Africanized Bees

     Africanized bees look just like any other bee, so you should always take caution around bees. I have learned the behaviors of both regular honey and Africanized bees through years of experience keeping them. Africanized bees produce a lot of swarms: more than any other bee I have ever kept. Swarms are the mechanism by which bees propagate. The hive will temporarily contain multiple queens, followed by one of the queens leaving with a portion of the hive’s worker population following her. Italian honey bees will not swarm if they have room in the hive to build new honeycomb. Once they’re out of space to build, they will swarm with nearly half of the hive’s population leaving. Italian honey bees will do this once or twice a year depending on how much room they have to build up.

     Unlike the typical honey bees, Africanized bees will swarm even when it is not necessary to do so because of hive space. Rather than half of the hive leaving in a swarm, only a small portion of the population will leave. This can let Africanized bees swarm several times in just a few hours. In the spring, they will do this every one or two months. When a small swarm moves in they will conserve their workers rather than attacking when threatened. They seem to know that they need their workers to survive. I have even been able to work with them without any smoke. They will run but not fight. This is the best time to re-queen them, Sometimes, after being disturbed, they will abandon the hive and leave the brood and honey behind Taking your new queen with them. If it is a late season swarm they can stay in this friendly mode for quite some time.

     When the new hive builds up to a point where they no longer need all of their workers, they will start to get more aggressive and will not be so tolerant of the weed whacker and the lawn mowers. I have had many people tell me they had the bee hive for over a year and ran the lawnmower right up to them and they never did anything until that one day when they stung every one, even the family dog. What happened? Why did they do that? First, they finely had enough time to build up their numbers so they no longer need all of their workers. Second, they got disturbed or stressed; usually it takes a few things to aggravate the hive, but it can seem like they just attacked for no apparent reason. What you did not see is the local kids throwing rocks at it and running away, and the last week’s predators that have been eating them. There are a few predators that will stress a hive including skunks, yellow jackets, lizards, roof rats and birds. A stressed hive is a dangerous hive. Each time they have something going on, they will release an alarm pheromone. This will tell the hive something is wrong and putt them on guard. The first few times they will settle back down quickly, but after a while they will just stay at that alarmed state. If you pick this time to mow your yard you will get stung. Or you walk by with some banana oil in your sun tan lotion, to the bees it’s the same as there alarm pheromone, causing them to attack. Even standing in their regular flight path can be enough. When they reach this level anything can set them off. They will start attacking in mass instead of just one or two bees. If you find yourself getting attacked, protect your eyes and leave the area as fast as you can. Get into shelter if you can: a car, building, or house.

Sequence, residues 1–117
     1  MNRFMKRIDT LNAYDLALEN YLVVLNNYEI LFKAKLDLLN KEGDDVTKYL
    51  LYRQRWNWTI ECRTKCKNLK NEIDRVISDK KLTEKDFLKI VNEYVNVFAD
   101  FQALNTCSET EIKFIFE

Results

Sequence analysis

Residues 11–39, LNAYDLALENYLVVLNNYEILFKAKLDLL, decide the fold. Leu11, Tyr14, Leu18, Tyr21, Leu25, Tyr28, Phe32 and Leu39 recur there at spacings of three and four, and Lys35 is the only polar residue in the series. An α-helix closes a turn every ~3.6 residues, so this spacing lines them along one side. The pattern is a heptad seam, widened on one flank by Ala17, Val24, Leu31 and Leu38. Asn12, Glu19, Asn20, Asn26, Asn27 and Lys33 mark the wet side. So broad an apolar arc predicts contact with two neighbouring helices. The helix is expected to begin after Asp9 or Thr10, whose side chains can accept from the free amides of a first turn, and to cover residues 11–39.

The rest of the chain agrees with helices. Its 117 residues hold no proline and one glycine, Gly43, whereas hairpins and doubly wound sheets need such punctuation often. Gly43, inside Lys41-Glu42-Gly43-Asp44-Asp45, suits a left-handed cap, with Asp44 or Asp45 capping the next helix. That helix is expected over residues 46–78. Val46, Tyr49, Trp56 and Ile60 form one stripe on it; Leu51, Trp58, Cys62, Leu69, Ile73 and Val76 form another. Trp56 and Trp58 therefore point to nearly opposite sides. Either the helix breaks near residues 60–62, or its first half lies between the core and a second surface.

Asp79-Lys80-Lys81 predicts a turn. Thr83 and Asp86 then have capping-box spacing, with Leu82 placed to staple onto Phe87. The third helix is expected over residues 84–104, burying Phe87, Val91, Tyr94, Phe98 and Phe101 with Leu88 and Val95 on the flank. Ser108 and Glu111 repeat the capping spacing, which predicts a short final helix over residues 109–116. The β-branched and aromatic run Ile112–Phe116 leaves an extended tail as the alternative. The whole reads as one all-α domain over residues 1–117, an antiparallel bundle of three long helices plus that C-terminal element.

Protecting Yourself from Bee Attacks

     When you are out where you might run into bees always wear some kind of protective eyewear. They will fly into you at full speed and if they hit or string you in the eye, you can’t see to run away, and will be in real trouble they aim for the eyes. Never wear anything with banana oil in it, it will really set them off. When they sting you they leave a pheromone marker that tells all the other bees you are the one that needs to get stung. Banana oil smells the same to a bee. If you have a hive, get it removed while it’s small before it builds up to a dangerous size. DO NOT disturb them. If you leave them alone they are less likely to get stressed. Don’t get wasp spray thinking you can take care of them that way. It will only kill some of them and make the rest even more dangerous. When anything gets close to the hive they will attack in large numbers. Always get someone who knows how to deal with them to help you. Swarms will usually move on to a new location within a day or two. However, in many cases they will move to someplace that’s a lot harder to deal with them, like inside the walls of your house or the attic. It’s a bit of a gamble to wait them out and see if they are going into your neighbor’s house or your own. My advice is to deal with them while it’s still easy, safe, and cheaper. New swarms are a lot easer to deal with than a hive in your walls and it is kinder to your neighbors. So be a good neighbor and give me a call so I can relocate them to a safe place where they can be re-queened and used as honey bees.
Killer Bees are Deadly

How To Survive a Bee Attack


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